Tuesday, July 26, 2016

My Summer With John #12

John Newton
Today I am continuing to share my reading experience with John Newton. Newton's inspiration for this sermon series was the popularity of Handel's Messiah

Today's quotes will come from sermon seventeen (Isaiah 53:3)
Angels sang praises at His birth, but men despised Him. He took not upon Him the nature of angels, but of man; yet men rejected him. Sinful, helpless men, rejected and despised their only Saviour. He came to His own, but His own received Him not. How lamentable and fatal was their obstinacy!
They despised Him for, what they accounted, the meanness of His appearance. Though rich in Himself, He became poor for our sakes, and His poverty made Him contemptible in their eyes. They expected MESSIAH would appear with external pomp and power. But when they saw Him, they scorned Him, saying, Is not this the carpenter's son? (Matthew 13:55) He who had not money to pay the tribute demanded of Him (Matthew 17:27) , nor a house wherein to lay His head, was of small esteem with those who were covetous, proud of worldly distinctions, and fond of the praise and admiration of men.
Their contempt was heightened when this poor man publicly asserted His proper character and claim, demanded their attention and homage, and styled Himself in a peculiar sense the Son of God, the resurrection and the Life (John 5:18; 11:25) . For this seeming inconsistence between the appearance He made, and the honours He affirmed, they treated Him as a demoniac and a madman (John 10:20) Their language strongly expressed their sentiments of Him, when they asked Him with disdain, Art thou greater than our father Abraham? Whom makest thou thyself? (John 8:53)
They objected to Him the low state and former characters of His followers . Some of them were of low rank in life. The most of those who constantly attended Him were poor fishermen. Others had been of bad repute, publicans and open sinners. For this they reproached Him, and thought they were fully justified in their contempt, while they could say, Have any of the rulers or Pharisees believed on Him? (John 7:48)
They were farther exasperated against Him, by the authority and severity with which He taught. It is true, He was gentle and meek to all who felt their need of His help, or sincerely desired His instruction. He received them without exception, and treated them with the greatest tenderness. But He vindicated the honour of the law of God, from the corrupt doctrine and tradition of their professed teachers. He exposed and unmasked the hypocrisy of their most admired characters, and compared the men who were in the highest reputation, for wisdom and sanctity, to whited sepulchres, warning the people against them as blind guides and deceivers.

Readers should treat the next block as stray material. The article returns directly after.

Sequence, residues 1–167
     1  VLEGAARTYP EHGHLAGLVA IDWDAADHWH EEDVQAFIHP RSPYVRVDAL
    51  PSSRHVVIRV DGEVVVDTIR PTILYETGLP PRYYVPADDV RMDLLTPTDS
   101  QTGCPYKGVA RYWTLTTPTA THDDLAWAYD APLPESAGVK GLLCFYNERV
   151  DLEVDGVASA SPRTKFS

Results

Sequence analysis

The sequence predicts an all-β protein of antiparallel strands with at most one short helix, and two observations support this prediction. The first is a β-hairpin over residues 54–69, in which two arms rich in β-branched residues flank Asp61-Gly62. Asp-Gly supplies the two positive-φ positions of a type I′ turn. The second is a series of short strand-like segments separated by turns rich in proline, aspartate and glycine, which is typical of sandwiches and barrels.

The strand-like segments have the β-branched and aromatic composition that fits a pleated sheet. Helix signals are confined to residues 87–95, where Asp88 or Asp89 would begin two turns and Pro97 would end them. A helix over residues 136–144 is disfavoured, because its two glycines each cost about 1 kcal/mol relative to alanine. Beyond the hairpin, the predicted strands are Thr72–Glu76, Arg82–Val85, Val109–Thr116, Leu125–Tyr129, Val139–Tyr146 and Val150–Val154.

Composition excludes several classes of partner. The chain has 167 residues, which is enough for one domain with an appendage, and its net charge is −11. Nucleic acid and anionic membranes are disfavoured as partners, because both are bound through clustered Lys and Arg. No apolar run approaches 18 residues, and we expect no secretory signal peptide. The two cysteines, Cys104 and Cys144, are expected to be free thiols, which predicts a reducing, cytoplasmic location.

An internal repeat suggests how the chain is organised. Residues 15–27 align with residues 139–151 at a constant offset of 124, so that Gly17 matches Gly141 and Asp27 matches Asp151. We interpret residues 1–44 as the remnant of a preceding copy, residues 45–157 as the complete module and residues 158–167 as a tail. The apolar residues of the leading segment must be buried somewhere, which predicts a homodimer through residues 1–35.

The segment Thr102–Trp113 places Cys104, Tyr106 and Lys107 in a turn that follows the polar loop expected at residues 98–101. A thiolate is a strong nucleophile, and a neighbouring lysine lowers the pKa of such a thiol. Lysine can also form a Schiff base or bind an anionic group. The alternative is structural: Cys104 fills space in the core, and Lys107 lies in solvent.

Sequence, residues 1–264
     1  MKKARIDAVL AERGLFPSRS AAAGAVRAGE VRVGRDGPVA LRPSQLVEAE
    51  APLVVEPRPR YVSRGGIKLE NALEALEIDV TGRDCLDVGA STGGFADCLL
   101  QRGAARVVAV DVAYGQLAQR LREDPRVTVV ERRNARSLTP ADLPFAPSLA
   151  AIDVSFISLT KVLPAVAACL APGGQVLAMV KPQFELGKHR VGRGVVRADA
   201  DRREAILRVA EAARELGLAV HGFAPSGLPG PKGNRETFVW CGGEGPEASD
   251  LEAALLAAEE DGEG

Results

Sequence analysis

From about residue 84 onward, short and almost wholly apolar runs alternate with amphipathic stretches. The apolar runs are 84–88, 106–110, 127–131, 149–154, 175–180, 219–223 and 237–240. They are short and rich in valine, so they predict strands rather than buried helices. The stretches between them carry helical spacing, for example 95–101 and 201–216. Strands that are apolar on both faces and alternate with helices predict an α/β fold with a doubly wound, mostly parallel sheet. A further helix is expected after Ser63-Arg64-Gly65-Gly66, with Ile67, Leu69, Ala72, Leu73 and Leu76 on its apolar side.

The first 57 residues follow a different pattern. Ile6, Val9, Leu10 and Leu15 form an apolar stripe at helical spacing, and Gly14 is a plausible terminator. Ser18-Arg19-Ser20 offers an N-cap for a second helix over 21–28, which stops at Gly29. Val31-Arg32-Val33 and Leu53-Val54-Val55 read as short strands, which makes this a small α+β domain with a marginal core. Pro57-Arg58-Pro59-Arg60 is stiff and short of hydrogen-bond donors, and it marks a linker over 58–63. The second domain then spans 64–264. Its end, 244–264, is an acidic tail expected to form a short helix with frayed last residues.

The Gospel of Christ has often been, and is to this day, rejected and despised upon similar grounds. Its simplicity and plainness, and the manner of its proposal, adapted to the use and capacity of the vulgar, offend those who are wise in their own conceit, and proud of their understanding and taste. At the same time they are equally disgusted by the sublimity [high spiritual and moral worth] of its doctrines, which will not submit to the test of their vain reasonings, and can only be received by humble faith. The faithfulness and freedom which its ministers are enjoined to use, give great offence likewise. And because they cannot comply with the humours of those, who wish them to prophesy smooth things, and deceits, they are accounted censorious, and uncharitable, and disturbers of the public peace.
It is farther said, He was a man of sorrows, and acquainted with grief. He was surrounded with sorrows on every side, and grief was His intimate, inseparable companion. Surely, this consideration, if any, will animate us to endure the cross, and to despise the shame we may be exposed to for His sake. The illustration of this subject will offer more fully in the next sequel It shall suffice, at present, to offer three causes for His continual sorrows.
His character was aspersed, His person despised, His words insidiously wrested, His actions misrepresented. He was misunderstood even by His friends, betrayed by one disciple, denied by another, and forsaken by the rest (John 7:5).
And though His love determined Him to save us, the prospect which was continually present to His view, of the approaching unutterable agonies of His soul, of all that He must endure from God, from the powers of darkness and from wicked men, when He should be made a curse for us to redeem us from the curse of the law (Galatians 3:13) ; I say, this tremendous prospect, was, doubtless, a perpetual source of sorrow.
Who that has any regard for the honour of God, or the souls of men, can bear to see what passes every hour; how the authority of God is affronted, His goodness abused, and His mercy despised, without emotions of grief and compassion? If we are spiritually-minded, we must be thus affected; and we should be more so, if we were more spiritual. But the holiness of MESSIAH, and, consequently, His hatred of sin, was absolutely perfect. His view of the guilt and misery of sinners, was likewise comprehensive and clear.
How must He be therefore grieved by the wickedness and insensibility of those with whom He daily conversed! especially as He not only observed the outward conduct of men, but had an intimate knowledge of the evil heart, which is hidden from us. In this sense, His sufferings and sorrows began with His early years, and continued throughout the whole of His life. He undoubtedly could say, with an emphasis peculiar to Himself, I beheld the transgressors, and was grieved; rivers of waters ran down my eyes, because men keep not Thy law (Psalm 119:136, 158)

© Becky Laney of Operation Actually Read Bible

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